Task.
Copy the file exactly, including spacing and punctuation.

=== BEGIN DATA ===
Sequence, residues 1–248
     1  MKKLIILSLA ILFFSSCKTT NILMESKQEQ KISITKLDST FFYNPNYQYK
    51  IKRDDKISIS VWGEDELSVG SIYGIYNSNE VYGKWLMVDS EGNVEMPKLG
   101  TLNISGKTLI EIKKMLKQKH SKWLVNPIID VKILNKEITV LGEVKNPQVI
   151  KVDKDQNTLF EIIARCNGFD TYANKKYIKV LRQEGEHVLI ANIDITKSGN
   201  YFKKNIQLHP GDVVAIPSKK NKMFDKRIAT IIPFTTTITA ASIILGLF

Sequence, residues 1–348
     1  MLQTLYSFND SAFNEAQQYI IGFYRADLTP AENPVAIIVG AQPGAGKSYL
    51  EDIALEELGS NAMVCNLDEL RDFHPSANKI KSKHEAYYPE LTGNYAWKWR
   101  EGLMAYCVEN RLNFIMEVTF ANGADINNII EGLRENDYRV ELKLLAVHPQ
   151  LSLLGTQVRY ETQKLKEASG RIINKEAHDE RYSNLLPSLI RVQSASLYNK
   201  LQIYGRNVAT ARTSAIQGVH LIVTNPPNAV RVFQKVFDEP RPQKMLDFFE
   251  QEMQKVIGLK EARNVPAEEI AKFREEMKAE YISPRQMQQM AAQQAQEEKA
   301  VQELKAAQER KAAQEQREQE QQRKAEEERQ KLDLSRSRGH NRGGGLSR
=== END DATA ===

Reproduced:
Sequence, residues 1–248
     1  MKKLIILSLA ILFFSSCKTT NILMESKQEQ KISITKLDST FFYNPNYQYK
    51  IKRDDKISIS VWGEDELSVG SIYGIYNSNE VYGKWLMVDS EGNVEMPKLG
   101  TLNISGKTLI EIKKMLKQKH SKWLVNPIID VKILNKEITV LGEVKNPQVI
   151  KVDKDQNTLF EIIARCNGFD TYANKKYIKV LRQEGEHVLI ANIDITKSGN
   201  YFKKNIQLHP GDVVAIPSKK NKMFDKRIAT IIPFTTTITA ASIILGLF

Sequence, residues 1–348
     1  MLQTLYSFND SAFNEAQQYI IGFYRADLTP AENPVAIIVG AQPGAGKSYL
    51  EDIALEELGS NAMVCNLDEL RDFHPSANKI KSKHEAYYPE LTGNYAWKWR
   101  EGLMAYCVEN RLNFIMEVTF ANGADINNII EGLRENDYRV ELKLLAVHPQ
   151  LSLLGTQVRY ETQKLKEASG RIINKEAHDE RYSNLLPSLI RVQSASLYNK
   201  LQIYGRNVAT ARTSAIQGVH LIVTNPPNAV RVFQKVFDEP RPQKMLDFFE
   251  QEMQKVIGLK EARNVPAEEI AKFREEMKAE YISPRQMQQM AAQQAQEEKA
   301  VQELKAAQER KAAQEQREQE QQRKAEEERQ KLDLSRSRGH NRGGGLSR